Sen. Feingold was interviewed on WNYC radio in conjuction with the release of his book While America Sleeps: A Wake-up Call for the Post 9/11 Era, and as the co-author of McCain-Feingold, spoke about the subject of campaign financing and Citzens United.
The former senator said he was encouraged by signs that the Supreme Court could take up the issue of corporate contributions to campaigns by hearing the Montana case that directly challenged the Court's ruling in Citizens United.
Some background on the Montana case:
... late last year the Montana Supreme Court thumbed its nose at the Supreme Court’s Citizens United decision. In Citizens United, Justice Anthony Kennedy, writing for a five-justice majority, held that the federal law barring corporations from spending their funds on election ads violated the corporations’ First Amendment rights. The Montana court nonetheless upheld a state ban on corporate campaign spending, finding that Montana’s history of corruption justified the ban.
In a statement with respect to the stay of the Montana ruling Justice Ginsburg said:
"Montana’s experience, and experience elsewhere since this Court’s decision in Citizens United, … make it exceedingly difficult to maintain that independent expenditures by corporations ‘do not give rise to corruption or the appearance of corruption.’ A petition [to hear the case] will give the Court an opportunity to consider whether, in light of the huge sums currently deployed to buy candidates’ allegiance, Citizens United should continue to hold sway."Senator Feingold spoke about how Justice Ginsburg's comments were a sign of 'real stress' on the court:
With [this] statement, Justice Ginsburg has signaled that she or one of the other justices opposing the Citizens United case will use the Montana case to expose the fallacy of the Citizens United argument.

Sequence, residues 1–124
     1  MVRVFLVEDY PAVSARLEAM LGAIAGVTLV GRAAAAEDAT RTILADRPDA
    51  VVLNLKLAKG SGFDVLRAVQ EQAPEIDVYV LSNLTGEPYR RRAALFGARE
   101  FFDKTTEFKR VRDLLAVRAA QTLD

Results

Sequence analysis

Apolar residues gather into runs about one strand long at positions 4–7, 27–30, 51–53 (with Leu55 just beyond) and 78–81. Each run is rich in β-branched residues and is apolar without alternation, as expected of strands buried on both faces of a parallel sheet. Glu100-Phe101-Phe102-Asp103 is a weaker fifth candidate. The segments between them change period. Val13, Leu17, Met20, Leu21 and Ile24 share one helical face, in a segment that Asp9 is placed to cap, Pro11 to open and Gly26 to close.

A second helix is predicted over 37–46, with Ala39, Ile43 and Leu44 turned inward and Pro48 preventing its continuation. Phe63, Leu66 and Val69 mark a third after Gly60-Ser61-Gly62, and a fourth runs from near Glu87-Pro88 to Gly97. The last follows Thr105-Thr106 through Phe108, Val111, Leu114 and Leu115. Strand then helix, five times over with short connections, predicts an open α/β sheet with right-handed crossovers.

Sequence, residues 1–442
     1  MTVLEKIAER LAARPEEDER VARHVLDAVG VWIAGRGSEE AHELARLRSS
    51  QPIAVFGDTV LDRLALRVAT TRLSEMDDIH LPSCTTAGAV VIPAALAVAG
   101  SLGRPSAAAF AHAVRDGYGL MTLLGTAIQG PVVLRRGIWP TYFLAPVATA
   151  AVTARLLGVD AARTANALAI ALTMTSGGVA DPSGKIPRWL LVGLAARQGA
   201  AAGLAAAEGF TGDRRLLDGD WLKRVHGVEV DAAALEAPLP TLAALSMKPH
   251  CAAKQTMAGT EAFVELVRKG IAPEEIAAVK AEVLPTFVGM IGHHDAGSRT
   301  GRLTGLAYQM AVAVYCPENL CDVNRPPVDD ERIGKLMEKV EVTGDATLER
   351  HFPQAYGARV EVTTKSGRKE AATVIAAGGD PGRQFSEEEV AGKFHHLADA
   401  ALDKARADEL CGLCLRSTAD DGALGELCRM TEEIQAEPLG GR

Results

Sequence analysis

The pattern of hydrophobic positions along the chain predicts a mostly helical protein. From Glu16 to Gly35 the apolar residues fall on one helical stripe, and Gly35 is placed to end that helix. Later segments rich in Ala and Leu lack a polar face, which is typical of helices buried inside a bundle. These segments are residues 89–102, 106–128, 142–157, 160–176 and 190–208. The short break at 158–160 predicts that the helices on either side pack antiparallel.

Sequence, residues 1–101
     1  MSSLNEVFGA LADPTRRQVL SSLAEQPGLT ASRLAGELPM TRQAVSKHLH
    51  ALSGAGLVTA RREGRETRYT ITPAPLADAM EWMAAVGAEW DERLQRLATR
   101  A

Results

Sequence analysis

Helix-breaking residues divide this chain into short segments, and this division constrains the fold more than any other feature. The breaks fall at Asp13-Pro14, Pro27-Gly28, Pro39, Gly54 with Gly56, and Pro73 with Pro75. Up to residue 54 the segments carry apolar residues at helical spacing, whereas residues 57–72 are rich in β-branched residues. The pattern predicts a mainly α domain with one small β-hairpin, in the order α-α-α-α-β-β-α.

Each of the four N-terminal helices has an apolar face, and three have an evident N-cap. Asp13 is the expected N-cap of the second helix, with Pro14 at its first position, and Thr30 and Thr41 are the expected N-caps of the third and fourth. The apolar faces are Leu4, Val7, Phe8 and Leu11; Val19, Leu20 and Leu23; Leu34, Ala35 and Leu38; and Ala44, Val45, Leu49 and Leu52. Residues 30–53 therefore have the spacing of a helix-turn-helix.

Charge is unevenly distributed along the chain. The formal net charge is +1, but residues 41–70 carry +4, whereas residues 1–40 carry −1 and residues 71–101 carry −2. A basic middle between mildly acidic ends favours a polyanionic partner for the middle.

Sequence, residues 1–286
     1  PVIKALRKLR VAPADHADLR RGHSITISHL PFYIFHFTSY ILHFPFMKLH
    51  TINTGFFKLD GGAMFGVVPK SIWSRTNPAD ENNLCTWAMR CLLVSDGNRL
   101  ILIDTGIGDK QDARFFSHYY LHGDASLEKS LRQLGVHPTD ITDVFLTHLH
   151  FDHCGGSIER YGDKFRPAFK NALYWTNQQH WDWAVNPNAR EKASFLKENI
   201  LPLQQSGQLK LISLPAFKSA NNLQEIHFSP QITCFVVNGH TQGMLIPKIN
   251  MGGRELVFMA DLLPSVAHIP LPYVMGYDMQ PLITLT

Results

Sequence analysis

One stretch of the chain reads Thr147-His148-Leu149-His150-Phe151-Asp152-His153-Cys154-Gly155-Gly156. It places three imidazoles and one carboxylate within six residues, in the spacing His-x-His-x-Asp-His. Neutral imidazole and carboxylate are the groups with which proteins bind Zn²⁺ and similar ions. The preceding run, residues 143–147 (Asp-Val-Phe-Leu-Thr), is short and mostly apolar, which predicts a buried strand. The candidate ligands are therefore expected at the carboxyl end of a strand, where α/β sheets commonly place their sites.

The credibility of the Supreme Court is now on the line because people know this was a crazy decision, a lawless decision. And its having a huge impact on the democracy, on the right that every one of us has to have our vote basically count the same. So I saw Ginsburg’s comment as very interesting, as a sign of real stress on the court.Feingold says that re-opening the conversation would not mean the individual justices would admit they had made an error in Constitutional interpretation.
Justice Ginsburg said it is causing corruption in the political process. The Montana decision may be the first of many to allow them to change their thinking. Citizens United is doing great harm to the reputation of the Supreme Court - it's like the proverbial bookend to the Bush v. Gore decision. The court is beginning to take note that this is a judicial disaster that hurts the court itself.
First of all they don't seem to care that much about saving face. The convoluted way in which they did Citizens United was crazy. After the Supreme Court had affirmed one part of McCain Feingold (the phony issue ad issue) a few years earlier, they just turned it around saying 'we don't want to decide this on the basis that the Hillary Clinton movie wasn't covered by McCain Feingold, we think we need to change the whole one hundred previous years of law'. That decision was a huge reversal of the direction the court had gone.In the article cited above, Slate's legal reporter helpfully provided an example of the Court's inconsistency on the subject:
Citizens United is not even consistent with the court’s own recent actions. In Caperton v. Massey, Justice Kennedy and the four Citizens United dissenters recognized that a $3 million contribution to an independent group supporting the election of a West Virginia Supreme Court justice required that the justice recuse himself from a case involving the contributor supporting his candidacy. The Caperton Court pointed to the “disproportionate” influence of that spending on the race and at least an appearance of impropriety.Sen. Feingold continues:
All they have to do is say it was a bad decision and we reconsider. Other courts do this all the time. It's so out of line with the previous 100 years of law that a reversal would not be a big deal.Perhaps not legally, but for democracy it would be a big deal.
Here is the whole interview: